sábado, 31 de julho de 2010

Brazilian waters: sanctuary for whales and dolphins

Some species of whales such as humpback, minke and orca, and several species of dolphins, they can enjoy the waters off the Brazilian coast as a sanctuary for preserving and non-lethal use of their species.

The decree of President Lula, published in the Official Gazette on December 18, 2008, reaffirms the national interest in the field of preservation and protection of cetaceans, allowing scientific research and tourist use ordered.

The publication date coincides with 21 years of law prohibiting the intentional harassment and poaching of these animals. Law 7.643/87 determines that fishing of whale in Brazilian waters, and provides for punishment of two to five years imprisonment and fines for violators.

Besides protection, the measure seeks to boost tourism observation of these animals, which is a lucrative way to use non-lethal. The creation of the sanctuary seeks to protect whales and dolphins of noise pollution of the oceans, caused by sonar and boat traffic.
With the norm, Brazil marked its international position in relation to other countries that defend hunting. The Environment Minister Carlos Minc said transform Brazil into the sanctuary means a message to predators, so they do not commit acts contrary to the conservation of cetaceans.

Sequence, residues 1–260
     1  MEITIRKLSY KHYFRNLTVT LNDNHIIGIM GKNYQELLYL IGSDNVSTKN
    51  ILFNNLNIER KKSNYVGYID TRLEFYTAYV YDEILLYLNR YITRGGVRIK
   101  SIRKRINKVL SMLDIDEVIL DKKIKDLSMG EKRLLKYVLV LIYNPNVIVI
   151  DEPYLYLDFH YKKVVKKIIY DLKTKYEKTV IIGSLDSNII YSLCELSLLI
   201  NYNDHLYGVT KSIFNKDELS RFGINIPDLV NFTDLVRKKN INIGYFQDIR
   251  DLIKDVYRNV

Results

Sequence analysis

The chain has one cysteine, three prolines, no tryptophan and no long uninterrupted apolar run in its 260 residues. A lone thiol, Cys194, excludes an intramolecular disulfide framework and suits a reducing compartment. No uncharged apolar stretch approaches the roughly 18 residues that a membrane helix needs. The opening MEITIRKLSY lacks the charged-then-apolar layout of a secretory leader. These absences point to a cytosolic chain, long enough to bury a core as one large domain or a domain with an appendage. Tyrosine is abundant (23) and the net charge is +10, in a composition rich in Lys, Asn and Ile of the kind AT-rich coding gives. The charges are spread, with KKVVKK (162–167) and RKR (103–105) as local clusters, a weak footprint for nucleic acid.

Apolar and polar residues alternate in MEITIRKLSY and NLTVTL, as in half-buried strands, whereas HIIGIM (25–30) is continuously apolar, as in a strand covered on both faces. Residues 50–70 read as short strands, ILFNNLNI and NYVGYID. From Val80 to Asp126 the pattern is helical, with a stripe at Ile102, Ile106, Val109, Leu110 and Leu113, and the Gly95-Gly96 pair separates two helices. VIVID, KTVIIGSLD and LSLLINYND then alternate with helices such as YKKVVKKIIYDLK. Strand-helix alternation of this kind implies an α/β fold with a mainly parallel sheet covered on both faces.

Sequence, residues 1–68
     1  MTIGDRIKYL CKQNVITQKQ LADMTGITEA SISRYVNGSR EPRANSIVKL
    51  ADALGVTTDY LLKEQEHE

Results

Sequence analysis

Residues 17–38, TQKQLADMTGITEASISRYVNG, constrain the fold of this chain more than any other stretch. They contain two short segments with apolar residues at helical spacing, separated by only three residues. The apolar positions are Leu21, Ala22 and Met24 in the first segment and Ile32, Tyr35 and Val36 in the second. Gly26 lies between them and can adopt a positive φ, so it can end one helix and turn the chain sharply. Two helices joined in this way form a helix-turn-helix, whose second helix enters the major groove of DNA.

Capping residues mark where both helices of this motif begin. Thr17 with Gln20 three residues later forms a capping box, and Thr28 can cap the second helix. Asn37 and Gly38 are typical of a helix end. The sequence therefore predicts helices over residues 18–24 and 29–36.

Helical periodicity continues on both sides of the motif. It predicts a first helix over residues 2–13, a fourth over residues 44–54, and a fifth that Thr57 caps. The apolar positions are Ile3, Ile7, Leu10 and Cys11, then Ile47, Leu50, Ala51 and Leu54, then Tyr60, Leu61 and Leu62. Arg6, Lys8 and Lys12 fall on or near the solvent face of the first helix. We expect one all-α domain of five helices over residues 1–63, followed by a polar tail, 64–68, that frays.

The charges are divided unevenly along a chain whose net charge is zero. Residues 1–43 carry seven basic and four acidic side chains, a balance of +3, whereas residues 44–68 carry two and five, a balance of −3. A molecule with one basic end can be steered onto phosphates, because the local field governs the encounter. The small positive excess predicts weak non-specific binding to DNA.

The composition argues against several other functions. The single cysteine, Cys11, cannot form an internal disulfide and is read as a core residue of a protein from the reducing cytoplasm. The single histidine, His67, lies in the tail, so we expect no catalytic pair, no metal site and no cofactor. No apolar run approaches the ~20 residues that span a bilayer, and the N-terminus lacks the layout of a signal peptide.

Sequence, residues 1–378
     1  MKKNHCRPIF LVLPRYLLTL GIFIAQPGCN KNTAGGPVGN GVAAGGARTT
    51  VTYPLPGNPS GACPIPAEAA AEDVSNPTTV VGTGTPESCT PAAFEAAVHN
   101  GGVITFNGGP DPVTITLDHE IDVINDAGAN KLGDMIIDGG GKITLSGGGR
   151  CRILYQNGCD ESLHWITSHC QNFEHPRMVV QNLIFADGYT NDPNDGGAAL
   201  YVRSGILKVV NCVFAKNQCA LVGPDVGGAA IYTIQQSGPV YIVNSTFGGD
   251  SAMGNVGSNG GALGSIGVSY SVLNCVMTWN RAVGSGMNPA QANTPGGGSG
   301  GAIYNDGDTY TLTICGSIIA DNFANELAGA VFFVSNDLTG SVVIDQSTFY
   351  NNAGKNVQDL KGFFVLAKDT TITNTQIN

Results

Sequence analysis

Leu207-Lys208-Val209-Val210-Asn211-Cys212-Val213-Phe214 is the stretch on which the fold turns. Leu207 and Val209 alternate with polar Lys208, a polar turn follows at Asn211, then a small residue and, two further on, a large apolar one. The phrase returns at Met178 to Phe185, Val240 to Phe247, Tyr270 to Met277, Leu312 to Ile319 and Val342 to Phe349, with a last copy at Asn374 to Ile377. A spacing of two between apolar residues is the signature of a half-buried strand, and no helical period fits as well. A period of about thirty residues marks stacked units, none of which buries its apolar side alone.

The minister, however, alerted to the fact that Brazil needs to increase the strength of the centers for the protection of cetaceans. Minc said that Brazil currently maintains only 0.5% of their marine environment.

- We want to reach 10% by creating new marine protected areas and use the money for environmental compensation for this. Our marine protected areas are too little and occupy a small space - evaluated the minister.

Time to look after the welfare of whales
The difficulties inherent to kill a large animal, partially submerged in the sea, gives rise to serious problems of welfare. Still, within the International Whaling Commission, issues of welfare remain practically without receiving due attention. Now the hunting of whales on a large scale seems to be returning to the discussion, with some countries wanting to suspend the measure that determines the ban on commercial whaling.

A global coalition of over 950 organizations in animal welfare in 154 countries, led by WSPA, has the purpose of securing the international recognition that the debate over whaling is not just a question of quantity and conservation, but also animal suffering.

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